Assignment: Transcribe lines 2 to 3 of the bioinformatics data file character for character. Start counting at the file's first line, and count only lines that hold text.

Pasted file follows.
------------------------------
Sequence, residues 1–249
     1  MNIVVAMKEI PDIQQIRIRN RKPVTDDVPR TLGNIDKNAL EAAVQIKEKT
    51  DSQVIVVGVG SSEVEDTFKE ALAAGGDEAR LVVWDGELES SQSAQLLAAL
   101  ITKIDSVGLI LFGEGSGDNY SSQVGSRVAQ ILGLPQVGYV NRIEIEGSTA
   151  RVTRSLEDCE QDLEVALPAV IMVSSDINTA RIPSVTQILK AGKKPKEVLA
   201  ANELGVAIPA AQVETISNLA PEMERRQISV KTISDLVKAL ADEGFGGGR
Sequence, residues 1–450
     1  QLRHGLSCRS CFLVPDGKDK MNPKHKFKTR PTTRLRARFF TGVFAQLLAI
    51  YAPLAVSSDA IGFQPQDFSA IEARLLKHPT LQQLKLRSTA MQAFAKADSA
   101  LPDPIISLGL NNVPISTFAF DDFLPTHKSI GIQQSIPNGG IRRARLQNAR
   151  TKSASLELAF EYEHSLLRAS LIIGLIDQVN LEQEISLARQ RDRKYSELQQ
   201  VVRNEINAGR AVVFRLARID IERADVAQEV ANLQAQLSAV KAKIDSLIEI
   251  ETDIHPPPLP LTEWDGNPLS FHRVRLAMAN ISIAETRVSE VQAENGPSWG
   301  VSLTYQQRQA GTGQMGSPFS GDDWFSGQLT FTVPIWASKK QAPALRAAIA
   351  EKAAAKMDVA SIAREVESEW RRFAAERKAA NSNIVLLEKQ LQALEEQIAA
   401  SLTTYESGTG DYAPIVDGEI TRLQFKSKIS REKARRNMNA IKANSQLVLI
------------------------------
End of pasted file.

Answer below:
     1  MNIVVAMKEI PDIQQIRIRN RKPVTDDVPR TLGNIDKNAL EAAVQIKEKT
    51  DSQVIVVGVG SSEVEDTFKE ALAAGGDEAR LVVWDGELES SQSAQLLAAL